In addition to environmental and, increasingly, climate topics, we also recognized the importance of “civil security” issues already at the beginning of the 2000s. This was furthered by successful joint-project applications for BMBF funding to work on topics like out-of-control coal fires in China (ChiCo) or ecosystem research in Vietnam’s Mekong Delta (WISDOM). We saw the enormous potential of remote sensing for pre-emptive, management, and remediation activities associated with natural disasters. Suitable in-house expertise was accordingly assembled, the first standard data products were defined, workshops were organised together with users from the relevant public agencies, and data products useful for national-level disaster management were provided (such as for the flooding of the Elbe river in 2002 und 2006). On April 1, 2004 we founded a Center for Satellite Based Crisis Information (ZKI) in a quite unspectacular way by activating a first formal website at Harald Mehl’s suggestion. Not even DLR was really aware of it in the beginning. We wanted to first gain a reputation by achievement and not because of any premature praise or announcements.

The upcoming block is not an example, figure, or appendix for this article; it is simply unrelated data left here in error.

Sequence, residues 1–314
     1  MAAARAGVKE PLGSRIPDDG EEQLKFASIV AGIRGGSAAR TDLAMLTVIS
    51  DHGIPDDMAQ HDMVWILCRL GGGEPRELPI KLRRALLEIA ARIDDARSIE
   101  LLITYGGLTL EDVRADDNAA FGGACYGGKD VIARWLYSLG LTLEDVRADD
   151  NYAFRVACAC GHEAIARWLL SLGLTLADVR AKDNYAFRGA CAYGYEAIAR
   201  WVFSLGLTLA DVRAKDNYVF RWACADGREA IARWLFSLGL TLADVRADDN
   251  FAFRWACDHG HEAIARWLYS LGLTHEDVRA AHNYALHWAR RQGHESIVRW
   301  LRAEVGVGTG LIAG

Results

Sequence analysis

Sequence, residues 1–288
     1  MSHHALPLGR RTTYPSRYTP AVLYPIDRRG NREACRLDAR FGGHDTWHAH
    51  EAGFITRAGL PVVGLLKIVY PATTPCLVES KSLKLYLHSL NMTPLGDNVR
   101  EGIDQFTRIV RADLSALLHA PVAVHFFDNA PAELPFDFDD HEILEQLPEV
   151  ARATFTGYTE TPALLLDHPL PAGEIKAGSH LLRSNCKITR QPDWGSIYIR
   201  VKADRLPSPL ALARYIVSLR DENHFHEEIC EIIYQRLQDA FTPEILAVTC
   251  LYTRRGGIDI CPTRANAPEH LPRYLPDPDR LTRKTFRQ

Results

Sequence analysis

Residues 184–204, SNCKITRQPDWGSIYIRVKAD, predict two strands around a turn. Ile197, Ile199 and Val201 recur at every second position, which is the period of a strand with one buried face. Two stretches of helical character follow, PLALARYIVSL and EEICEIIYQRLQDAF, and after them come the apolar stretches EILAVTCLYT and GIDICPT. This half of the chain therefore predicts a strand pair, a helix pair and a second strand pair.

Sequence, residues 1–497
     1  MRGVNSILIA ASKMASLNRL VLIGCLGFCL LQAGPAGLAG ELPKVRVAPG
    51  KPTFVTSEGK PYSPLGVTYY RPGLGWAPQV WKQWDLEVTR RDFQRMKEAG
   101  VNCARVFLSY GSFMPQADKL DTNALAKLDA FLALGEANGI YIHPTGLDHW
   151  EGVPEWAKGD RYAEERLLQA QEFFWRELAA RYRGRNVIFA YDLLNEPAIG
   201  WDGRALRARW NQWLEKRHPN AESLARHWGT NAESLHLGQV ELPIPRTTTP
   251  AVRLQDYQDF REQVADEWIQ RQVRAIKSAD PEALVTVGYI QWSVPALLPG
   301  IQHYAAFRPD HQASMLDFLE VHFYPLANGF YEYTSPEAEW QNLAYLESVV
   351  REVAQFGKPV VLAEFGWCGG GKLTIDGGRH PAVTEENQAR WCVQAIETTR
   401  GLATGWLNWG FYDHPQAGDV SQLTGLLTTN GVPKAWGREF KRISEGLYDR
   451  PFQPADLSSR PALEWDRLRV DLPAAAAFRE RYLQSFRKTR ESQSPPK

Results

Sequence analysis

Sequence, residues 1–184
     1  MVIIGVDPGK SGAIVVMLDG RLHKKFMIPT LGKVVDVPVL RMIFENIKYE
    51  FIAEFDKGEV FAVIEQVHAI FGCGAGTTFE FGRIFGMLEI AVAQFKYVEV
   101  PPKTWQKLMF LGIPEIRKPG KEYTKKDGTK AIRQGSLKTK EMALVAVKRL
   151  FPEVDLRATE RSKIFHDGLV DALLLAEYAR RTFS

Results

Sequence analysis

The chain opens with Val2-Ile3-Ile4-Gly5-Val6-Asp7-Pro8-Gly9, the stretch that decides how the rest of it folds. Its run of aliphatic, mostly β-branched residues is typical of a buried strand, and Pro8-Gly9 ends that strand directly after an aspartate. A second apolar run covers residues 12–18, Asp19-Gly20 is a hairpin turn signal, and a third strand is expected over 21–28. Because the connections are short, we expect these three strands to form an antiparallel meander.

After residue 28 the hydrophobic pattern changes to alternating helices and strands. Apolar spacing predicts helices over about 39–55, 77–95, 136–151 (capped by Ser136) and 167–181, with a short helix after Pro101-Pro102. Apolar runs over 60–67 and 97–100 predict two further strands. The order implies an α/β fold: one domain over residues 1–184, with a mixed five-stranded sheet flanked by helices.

Then came December 25, 2004. After an overwhelming magnitude 9.1 submarine earthquake with an epicentre ca. 85 km northwest of Sumatra, a devastating tsunami was generated that caused an estimated 250,000 human lives and wrecked large parts of the bordering Pacific Ocean coasts. ZKI immediately got to work and generated maps based on historic and up-to-date satellite data that documented the extent of damage. This material was an important help for local THW and Red Cross workers at the disaster locations – and since the images we provided had not escaped the attention of politicians either, ZKI became known first of all in Germany and later worldwide.
Launching in 2005 in the office of the German federal chancellor the establishent of a German-Indonesian Tsunami Early Warning System. Federal Chancellor Gerhard Schröder and Minister Edelgard Bulmahn during a presentation by Prof. Emmermann (GFZ) and Prof. Herzog (IFM-Geomar). Information in ZKI maps undergirded the proposal.